Proper cache allocation (nuked objects but sm_bfree)

Damon Snyder damon at
Fri Sep 9 00:42:25 CEST 2011

Hi Kristian,
Thanks for the explanation. However, I'm still struggling with how to make
sense of the first part of my post. Specifically, how do I know how much of
my cache has been used and how severely under allocated is it? If there is
some memory free, why is n_lru_nuked increasing at a rate of ~50/s?

I have another varnish box with 24GB of RAM and a 20GB cache file with the
following stats:
varnishstat -1 -f n_lru_nuked,sm_bfree,sm_balloc
n_lru_nuked          11350022          .   N LRU nuked objects
sm_balloc          4124241920          .   bytes allocated
sm_bfree          17350594560          .   bytes free

According to the calculation above then the used memory would be negative.
Am I misunderstanding something?


On Thu, Sep 8, 2011 at 12:40 AM, Kristian Lyngstol <
kristian at> wrote:

> On Wed, Sep 07, 2011 at 11:46:34AM -0700, Damon Snyder wrote:
> > According to the docs, the key statistic to look at is n_lru_nuked. This
> > value is constantly increasing. Every time you run 'varnishstat -1 -f
> > n_lru_nuked' the value changes. However, the value of sm_bfree seems to
> > always show some space available:
> >
> > varnishstat -1 -f n_lru_nuked,sm_bfree,sm_balloc
> > n_lru_nuked         135193763          .   N LRU nuked objects
> > sm_balloc          5468946432          .   bytes allocated
> > sm_bfree           2047246336          .   bytes free
> sm_bfree is a counter of how much memory has been freed, not how much is
> available. Every time an object is removed, expired, etc, this will
> increase, and it is never reduced. _balloc is the counter part of that,
> and is increased every time something is allocated, and never reduced.
> From these numbers you can calculate how much memory is currently used:
>  5468946432 - 2047246336 = 3421700096 (a little over 3GB)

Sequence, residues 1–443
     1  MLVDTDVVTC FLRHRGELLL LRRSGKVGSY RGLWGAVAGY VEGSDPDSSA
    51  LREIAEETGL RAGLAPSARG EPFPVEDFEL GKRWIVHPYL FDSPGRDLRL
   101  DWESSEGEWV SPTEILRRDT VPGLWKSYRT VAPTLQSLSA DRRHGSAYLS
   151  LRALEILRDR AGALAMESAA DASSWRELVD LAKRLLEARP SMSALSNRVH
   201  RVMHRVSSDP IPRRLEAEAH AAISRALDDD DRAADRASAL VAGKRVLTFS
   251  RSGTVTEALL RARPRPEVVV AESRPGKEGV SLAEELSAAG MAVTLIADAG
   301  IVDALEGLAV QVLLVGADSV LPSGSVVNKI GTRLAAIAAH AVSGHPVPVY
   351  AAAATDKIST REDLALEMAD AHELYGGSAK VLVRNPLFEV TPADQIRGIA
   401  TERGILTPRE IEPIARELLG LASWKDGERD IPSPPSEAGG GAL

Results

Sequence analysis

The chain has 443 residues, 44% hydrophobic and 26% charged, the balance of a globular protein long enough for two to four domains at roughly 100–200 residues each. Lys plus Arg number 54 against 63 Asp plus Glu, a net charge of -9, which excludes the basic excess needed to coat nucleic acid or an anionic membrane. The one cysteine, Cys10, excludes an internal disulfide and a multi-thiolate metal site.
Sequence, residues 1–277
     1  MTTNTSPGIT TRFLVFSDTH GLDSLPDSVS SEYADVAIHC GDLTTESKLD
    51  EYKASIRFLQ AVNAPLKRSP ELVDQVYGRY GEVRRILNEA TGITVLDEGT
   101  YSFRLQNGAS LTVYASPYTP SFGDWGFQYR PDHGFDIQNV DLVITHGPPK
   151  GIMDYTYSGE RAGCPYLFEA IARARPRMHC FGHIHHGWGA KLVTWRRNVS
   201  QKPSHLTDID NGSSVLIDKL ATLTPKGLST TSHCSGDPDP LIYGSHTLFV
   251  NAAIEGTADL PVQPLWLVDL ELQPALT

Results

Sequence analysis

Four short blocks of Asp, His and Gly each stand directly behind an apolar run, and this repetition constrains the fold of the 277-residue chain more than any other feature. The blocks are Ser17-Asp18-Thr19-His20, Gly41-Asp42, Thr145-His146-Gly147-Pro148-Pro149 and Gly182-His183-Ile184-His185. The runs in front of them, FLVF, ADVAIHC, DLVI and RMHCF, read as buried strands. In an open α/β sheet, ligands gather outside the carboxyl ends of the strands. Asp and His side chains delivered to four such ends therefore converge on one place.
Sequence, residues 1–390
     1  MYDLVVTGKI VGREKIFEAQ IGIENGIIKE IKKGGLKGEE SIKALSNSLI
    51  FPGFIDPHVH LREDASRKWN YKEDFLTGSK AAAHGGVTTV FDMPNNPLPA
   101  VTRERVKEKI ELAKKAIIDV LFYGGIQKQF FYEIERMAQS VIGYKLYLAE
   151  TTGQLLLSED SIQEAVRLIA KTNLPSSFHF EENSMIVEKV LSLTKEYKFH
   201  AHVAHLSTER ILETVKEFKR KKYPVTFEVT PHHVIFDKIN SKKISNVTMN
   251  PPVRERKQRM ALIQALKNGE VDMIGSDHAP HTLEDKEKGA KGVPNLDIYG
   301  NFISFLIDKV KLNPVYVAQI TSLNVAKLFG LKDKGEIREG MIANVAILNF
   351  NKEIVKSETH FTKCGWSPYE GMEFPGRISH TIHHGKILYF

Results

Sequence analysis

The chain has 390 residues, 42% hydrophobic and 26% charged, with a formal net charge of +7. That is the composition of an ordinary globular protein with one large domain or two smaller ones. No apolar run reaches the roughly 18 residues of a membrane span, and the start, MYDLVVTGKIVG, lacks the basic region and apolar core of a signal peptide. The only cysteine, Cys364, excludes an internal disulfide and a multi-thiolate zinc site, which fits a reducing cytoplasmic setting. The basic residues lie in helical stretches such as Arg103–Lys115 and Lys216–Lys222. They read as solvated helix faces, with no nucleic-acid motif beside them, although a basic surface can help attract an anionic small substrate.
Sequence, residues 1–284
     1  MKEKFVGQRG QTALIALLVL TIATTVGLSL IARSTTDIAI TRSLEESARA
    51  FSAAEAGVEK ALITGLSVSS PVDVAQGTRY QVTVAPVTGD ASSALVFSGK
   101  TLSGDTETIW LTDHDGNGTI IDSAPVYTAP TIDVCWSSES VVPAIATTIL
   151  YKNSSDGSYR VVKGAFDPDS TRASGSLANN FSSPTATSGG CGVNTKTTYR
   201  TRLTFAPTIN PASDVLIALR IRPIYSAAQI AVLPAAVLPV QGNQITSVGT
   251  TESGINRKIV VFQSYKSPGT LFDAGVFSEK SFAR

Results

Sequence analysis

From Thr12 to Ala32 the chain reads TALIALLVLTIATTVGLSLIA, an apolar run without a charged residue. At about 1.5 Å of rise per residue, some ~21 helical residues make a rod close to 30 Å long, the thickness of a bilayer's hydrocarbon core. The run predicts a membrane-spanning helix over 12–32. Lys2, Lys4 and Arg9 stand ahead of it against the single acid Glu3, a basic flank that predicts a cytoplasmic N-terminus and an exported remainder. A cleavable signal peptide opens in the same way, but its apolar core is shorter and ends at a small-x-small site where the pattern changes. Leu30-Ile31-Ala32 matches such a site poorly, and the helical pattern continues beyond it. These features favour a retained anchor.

> However, you don't have to actually do that yourself, as _nbytes is
> doing exactly that.
> An important detail is that the size specified in the -s arguments is
> /not/ the total memory footprint varnish will have. It is only the total
> cache size for actual data, not counting overhead. For Varnish 2.1, we
> know that there's an additional overhead of slightly over 1kB for each
> object stored, assuming 64-bit systems (your millage may vary, but this
> gives you an idea).
> On top of that is a bit of data for things like threads and sessions,
> but I rarely take that into consideration myself as it will be a
> practically constant size measured in MB. Assuming the memory-footprint
> for each thread is 10kB (it's unlikely that it's that large, specially
> considering copy-on-write and whatnot), 1000 threads will give a
> constant overhead of 10MB, so not something to consider.
> However, 10 million objects will give 10GB of overhead, so that should
> be accounted for when you decide how much memory the cache will use with
> -s. Examples I've run with is -s malloc,24GB and -s malloc,28GB on two
> different sites, both running on a 32GB-system but with different
> average object-size.
> Hopefully this helps you figure out what's going on.
> - Kristian
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